Introducing cultural prompts in a semantic data browser
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Introducing cultural prompts in a semantic data browser

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  • Conference 21 st century skills Tom – 21 st century Social media savvy Recent graduate So informal learning does happen for the 21 st century learners So far ad hoc bases
  • Just for Dhaval: If you noticed in the previous slide, what if he did not know about handshake, how does he comes to that Exploratory search seems suitable for this Or if he knew abt handshake, he can benefit from nowing what are the other body language around handshake?
  • Semantic data browsers[3] are the new breed of applications to come from the research efforts in the semantic community. Such browsers offer browsing of ontologies and semantically augmented data (e.g. content) by laying out browsing trajectories using relationships in the ontologies.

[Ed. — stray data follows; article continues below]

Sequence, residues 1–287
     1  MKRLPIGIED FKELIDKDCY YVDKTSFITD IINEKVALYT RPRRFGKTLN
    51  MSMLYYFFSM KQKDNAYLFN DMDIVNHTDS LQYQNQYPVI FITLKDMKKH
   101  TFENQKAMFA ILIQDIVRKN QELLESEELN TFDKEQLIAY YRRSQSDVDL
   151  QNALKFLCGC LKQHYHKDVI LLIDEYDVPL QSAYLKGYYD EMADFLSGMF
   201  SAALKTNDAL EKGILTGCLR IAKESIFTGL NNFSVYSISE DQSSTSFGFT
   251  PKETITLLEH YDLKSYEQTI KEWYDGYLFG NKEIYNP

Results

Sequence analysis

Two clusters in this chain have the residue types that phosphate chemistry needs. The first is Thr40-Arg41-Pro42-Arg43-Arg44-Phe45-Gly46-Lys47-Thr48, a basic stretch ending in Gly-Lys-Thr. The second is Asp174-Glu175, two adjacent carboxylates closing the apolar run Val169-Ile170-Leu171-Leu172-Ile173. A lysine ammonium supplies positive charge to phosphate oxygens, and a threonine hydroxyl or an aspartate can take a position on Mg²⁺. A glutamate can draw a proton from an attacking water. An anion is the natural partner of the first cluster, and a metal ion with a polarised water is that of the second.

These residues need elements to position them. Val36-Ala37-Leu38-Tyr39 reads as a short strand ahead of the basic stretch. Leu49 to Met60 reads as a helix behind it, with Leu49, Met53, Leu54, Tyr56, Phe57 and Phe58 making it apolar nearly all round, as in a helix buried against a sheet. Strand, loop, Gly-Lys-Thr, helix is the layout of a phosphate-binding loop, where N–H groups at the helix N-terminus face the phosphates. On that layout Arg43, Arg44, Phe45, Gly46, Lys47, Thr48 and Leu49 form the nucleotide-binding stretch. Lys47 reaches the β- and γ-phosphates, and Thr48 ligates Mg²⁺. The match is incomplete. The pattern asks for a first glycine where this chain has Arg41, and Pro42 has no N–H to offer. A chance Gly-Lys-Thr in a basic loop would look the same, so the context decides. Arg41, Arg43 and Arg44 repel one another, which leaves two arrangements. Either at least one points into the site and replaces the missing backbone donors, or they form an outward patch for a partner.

• Semantic data browsers[3] are the new breed of applications to come from the research efforts in the semantic community. Such browsers offer browsing of ontologies and semantically augmented data (e.g. content) by laying out browsing trajectories using relationships in the ontologies.
  • Semantic browsers can offer opportunities to build learning environments in which exploration of content is governed by ontologies that capture contextual aspects. Data browsers assume that the users are in charge of what they do when using the browser. This puts the cognitive onus on the user, and is particularly acute in the case of a user being a learner, i.e. not familiar with the conceptual space in the domain and may be unable to decide what is the best course of action for him/her.
  • (semantic Data = semantically augmented digital traces & ontologies of the domain)
  • Few clarifications Culture is complex, sensitive and difficult subject It is also good to define the boundaries up front – culture based on work, religion http://laofutze.wordpress.com/tag/hofstedes-model-ppt/
  • http://laofutze.wordpress.com/tag/hofstedes-model-ppt/
  • Geert Hofstede conducted a study on employees at IBM, a multinational company. He questioned over 11,000 employees of the business in some 40 countries about their value orientation. Which resulted in 5 cultural dimensions Years: 1967 to 1973 http://laofutze.wordpress.com/tag/hofstedes-model-ppt/